The future of managing campuswide security plans

Many schools, colleges and universities rely on video management systems as the hubs of their physical security operations. However, as they look to the future and consider the benefits of taking an integrated approach to managing campuswide security plans, the road ahead can be unclear. A daunting variety of systems and solutions is available at a wide range of price points. This is the challenge the University of Vermont (UVM) was facing.

The challenge

An extensive and expanding CCTV camera network positioned in and around the buildings and grounds owned and controlled by UVM is a cornerstone of its safety and security operations. This infrastructure is crucial to the activities of the police dispatch team, a group of on-site officers who monitor live camera feeds, coordinate incident response and use footage to conduct investigations. The team relies on the performance of the university’s video management system, and for many years, UVM has entrusted its video management to Hexagon, a leading provider of physical security solutions with a wealth of expertise in the education sector.

The university initially deployed an open-platform IP video surveillance solution, NiceVision, before migrating to VisionHub in 2017 to take advantage of continuous improvements in video management technology. As a result, its estate of almost 500 cameras (predominantly IP cameras from AXIS) and CBORD CS access control system were integrated, with cameras mapped to entry and exit points around the campus.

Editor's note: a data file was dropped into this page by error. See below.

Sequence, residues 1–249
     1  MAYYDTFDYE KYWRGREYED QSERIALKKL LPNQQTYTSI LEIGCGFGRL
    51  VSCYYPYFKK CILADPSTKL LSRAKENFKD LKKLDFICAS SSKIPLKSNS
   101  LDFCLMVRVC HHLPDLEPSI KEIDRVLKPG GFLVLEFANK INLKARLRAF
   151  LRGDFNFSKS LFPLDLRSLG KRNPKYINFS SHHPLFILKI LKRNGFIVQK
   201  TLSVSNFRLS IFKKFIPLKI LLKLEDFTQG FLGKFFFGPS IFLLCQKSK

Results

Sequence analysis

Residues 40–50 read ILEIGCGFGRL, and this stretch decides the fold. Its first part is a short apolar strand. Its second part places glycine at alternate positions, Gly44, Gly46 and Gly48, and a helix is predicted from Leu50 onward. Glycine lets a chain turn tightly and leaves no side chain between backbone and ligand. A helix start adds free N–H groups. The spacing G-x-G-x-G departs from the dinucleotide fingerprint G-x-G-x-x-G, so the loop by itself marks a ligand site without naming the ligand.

When Hexagon announced the launch of its next-generation enterprise-class video management system Qognify VMS in 2022, UVM was excited about its capabilities. The university saw a chance to improve how its police dispatch team managed real-time emergency events, as well as opportunities for better post-incident investigation and daily on-campus surveillance. For these reasons, UVM was one of the first organizations to make the transition to Qognify VMS.

Photo by Sally McCay

The solution

The university opted for an on-premises deployment, transferring UVM’s entire camera system to Qognify VMS. During the rollout, it was vital that the duties of the police dispatch team remain uninterrupted.

Harlan Howard, an equipment technician at UVM’s CATcard Service Center, explained, “The university is required by the police to keep 30 days of recorded camera footage so that they can review it if an incident is reported. Together with Hexagon, we took the decision to run VisionHub and Qognify VMS side by side during the deployment. The transition took place over 60 days and was very smooth. In fact, throughout the process, the police dispatch team was already using Qognify VMS as its sole interface for accessing video.”

The result

A major benefit for the police dispatch team is the ability to quickly create and conduct virtual patrols. Qognify VMS designs a route around campus, and the relevant cameras are selected. Live feeds from these cameras are then automatically cycled and displayed on one of the team’s monitors.